The Numbers on Fertilizer Labels Actual They Mean

The Numbers on Fertilizer Labels Actual They Mean

Every time you see a product with fertilizer, three digits are clearly highlighted on the package, usually on the front side. These figures are very important and say a lot about what this fertilizer will do.

The numbers stand for nitrogen, phosphorus and potassium (N, P, K). They are always listed in this order. This is the percentage content of each component in a given package.

For example, a common type of multi-purpose fertilizer is called 10-10-10. It is a balanced mixture of equal parts of nitrogen, phosphorus and potassium. If you were to buy a 50-pound pack, five pounds (or 10%) would be nitrogen, five pounds of phosphorus, and five pounds of potassium. The remaining 70% are simply fillers or inert ingredients, which mainly help to disperse chemicals.

Up, down and all around

The usual way to describe the purpose of each chemical is to think “high, low and everywhere”.”Applying this simple phrase, you can remember that nitrogen (N), the first chemical on the list, promotes plant growth above the ground. Nitrogen does an excellent job of stimulating the growth of green deciduous leaves, providing the necessary ingredients to create green lawns. Lawn fertilizers often have a high initial value for this purpose.

Phosphorus (P), a medium amount, is very effective for ensuring plant growth underground in the form of a healthy root system. It is also the most important component for blooming flowers and obtaining fruits. You will notice that flower cultivation fertilizers or starter fertilizers for your lawn have a high average amount.

Potassium (K), the last of the listed, is considered important for the overall health of plants. This is mainly due to its ability to build strong cells in plant tissue. In turn, plants withstand various stresses, such as heat, cold, pests and health problems. For example, winter fertilizers have a high potassium content.

When buying fertilizers, pay attention to their purpose. Fertilizers in the same amount, as a rule, can be used as a multi-purpose fertilizer. If you had only one product to work with, I would recommend 10-10-10.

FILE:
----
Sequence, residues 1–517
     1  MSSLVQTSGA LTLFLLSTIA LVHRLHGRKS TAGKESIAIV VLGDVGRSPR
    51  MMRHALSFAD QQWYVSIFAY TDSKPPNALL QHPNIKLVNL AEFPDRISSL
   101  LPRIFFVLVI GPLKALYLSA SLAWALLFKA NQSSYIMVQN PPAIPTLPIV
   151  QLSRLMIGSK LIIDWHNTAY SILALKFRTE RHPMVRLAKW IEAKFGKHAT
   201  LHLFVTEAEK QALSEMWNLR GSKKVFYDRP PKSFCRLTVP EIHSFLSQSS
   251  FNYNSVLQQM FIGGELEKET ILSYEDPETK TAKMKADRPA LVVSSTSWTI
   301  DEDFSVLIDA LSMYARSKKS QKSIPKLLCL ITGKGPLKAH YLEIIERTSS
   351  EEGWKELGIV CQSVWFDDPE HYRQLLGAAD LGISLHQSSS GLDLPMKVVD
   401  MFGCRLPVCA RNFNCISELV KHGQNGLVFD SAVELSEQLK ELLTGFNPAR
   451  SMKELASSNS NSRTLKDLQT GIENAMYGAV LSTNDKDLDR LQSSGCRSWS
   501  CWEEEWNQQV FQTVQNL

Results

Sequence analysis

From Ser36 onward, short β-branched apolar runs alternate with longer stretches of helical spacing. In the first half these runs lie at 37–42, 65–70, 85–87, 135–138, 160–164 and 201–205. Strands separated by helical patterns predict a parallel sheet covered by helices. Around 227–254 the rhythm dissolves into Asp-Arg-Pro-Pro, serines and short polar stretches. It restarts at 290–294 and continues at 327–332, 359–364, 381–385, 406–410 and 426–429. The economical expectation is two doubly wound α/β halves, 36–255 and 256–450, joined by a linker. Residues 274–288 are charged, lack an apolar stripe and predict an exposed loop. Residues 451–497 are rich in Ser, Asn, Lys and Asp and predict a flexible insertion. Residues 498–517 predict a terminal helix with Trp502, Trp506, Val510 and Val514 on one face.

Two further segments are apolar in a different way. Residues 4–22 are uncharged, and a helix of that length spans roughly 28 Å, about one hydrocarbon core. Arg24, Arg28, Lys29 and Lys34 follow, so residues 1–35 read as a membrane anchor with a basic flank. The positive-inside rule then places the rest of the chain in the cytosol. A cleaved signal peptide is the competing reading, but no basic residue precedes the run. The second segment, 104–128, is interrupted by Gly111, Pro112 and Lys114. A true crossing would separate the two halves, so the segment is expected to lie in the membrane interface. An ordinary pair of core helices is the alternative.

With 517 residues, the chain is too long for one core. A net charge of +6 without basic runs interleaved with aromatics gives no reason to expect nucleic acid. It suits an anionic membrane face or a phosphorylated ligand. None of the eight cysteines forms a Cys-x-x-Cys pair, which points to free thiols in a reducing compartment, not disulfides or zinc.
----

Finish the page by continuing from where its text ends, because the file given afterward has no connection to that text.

To promote good fruiting or flowering of flowers, look for an average number that is larger than the first. Otherwise, your plants will stimulate to produce a lot of beautiful green foliage, probably at the expense of fruiting or flowering of flowers. Instead, you want the energy and nutrition of the plant to be focused on the desired result, flowers or fruits, so that a higher average amount is a more suitable choice.

To protect your plants or lawn from environmental pollution, you need a fertilizer that will contribute to the last and middle number. The high first figure in this matter may turn out to be inappropriate, since you are unlikely to prefer new, lush foliage if you plant or cover lawns for the winter at the same time. Instead, your goal should be to strengthen the cellular structure and strong roots, which will continue to grow throughout the winter.

After all, every time you add fertilizer, do not think that the more the better. You can burn plants if you use too much fertilizer and damage the surrounding soil. Instead, adhere to the principle “the smaller, the better”. If your soil is rich in organic matter, then all the nutrients that the plants need should be contained in it. This is my preferred method of fertilization.

As an organic gardener, I pay attention to the health of the soil through organic substances almost 100% of the time, which is enough to achieve results that look good even on our national television series.

If that sounds like a plan to you, all the better for you. However, I understand and appreciate that this approach is not suitable for everyone. Therefore, if you use synthetic fertilizers like 10-10-10, use them carefully and always store them as intended (avoid getting into streams or storm sewers).


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